Tuesday assorted links

1. Average is over, installment #6372.

2. Does the home mortgage deduction limit the demand for (other) redistribution?

3. Corporate influence in World Bank lending.

4. Why is everyone interested in Djibouti?

5. “What sorts of workplace-related issues have been suppressed by 3-4 decades of a tough environment for workers?”  More here from Conor Sen.

6. “Nearly every other city in California performs better than San Francisco in educating low-income students, and it’s not like most of the cities are knocking it out of the park.” Link here.

7. The Trump administration is shifting back toward fee-for-service health payments (NYT).

8. IV uh-oh.


"2. Does the home mortgage deduction limit the demand for (other) redistribution?"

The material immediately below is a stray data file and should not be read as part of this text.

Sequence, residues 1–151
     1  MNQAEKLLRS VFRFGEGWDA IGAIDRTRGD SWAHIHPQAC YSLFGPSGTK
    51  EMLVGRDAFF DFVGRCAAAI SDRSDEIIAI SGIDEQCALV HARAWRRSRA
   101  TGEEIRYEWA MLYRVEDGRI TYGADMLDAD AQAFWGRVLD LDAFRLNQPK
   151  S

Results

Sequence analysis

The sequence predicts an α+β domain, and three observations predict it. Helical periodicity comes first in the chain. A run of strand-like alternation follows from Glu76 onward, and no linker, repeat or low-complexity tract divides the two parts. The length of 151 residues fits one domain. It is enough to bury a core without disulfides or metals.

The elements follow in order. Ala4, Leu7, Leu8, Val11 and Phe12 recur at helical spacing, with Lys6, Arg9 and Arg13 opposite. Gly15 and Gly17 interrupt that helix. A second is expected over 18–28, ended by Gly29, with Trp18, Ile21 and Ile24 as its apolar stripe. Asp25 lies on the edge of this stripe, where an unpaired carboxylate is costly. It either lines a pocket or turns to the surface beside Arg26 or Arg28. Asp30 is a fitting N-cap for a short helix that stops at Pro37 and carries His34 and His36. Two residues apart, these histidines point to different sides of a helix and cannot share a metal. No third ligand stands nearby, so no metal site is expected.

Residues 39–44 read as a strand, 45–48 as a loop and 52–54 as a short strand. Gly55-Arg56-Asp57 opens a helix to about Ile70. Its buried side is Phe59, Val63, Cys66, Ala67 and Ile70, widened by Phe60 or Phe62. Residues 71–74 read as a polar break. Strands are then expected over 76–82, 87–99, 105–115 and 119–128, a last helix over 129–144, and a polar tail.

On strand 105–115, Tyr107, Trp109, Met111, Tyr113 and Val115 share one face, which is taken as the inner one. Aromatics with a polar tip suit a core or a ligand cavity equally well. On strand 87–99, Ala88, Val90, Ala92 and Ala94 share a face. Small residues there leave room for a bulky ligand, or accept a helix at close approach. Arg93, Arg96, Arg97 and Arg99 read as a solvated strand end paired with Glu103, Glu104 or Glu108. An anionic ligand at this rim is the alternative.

Didn't read the link but based on the fact that it's the mortgage interest deduction I'm assuming redistribution refers to redistribution toward the rich.

7. "Cities like Denver, Washington D.C., and New Orleans are proving that there’s a better way to do public education.

Denver is continuing to deliver results over ten years after its reforms began. Washington D.C. has seen its scores skyrocket on the Nation’s Assessment of Educational Progress. New Orleans achieved amongst the greatest educational gains that the nation has recently seen."

Denver's results improved on state tests.(It's quite common for state test scores to increase even as NAEP or SAT scores remain stagnant, fat thumbs are being placed on the scale.) In DC, gentrification has led to an decrease in the Black population, while the New Orleans miracle occurred due to a similar demographic shift.(Caused in that cause by a hurricane.)

#5: "I wonder if it's no coincidence that NFL protests, Weinstein-catalyzed wave is occurring as the labor market gets structurally tight."

What? Come on. Hollywood and the NFL are clearly unique segments of the labor market; what happens in the wider economy really has no effect on them.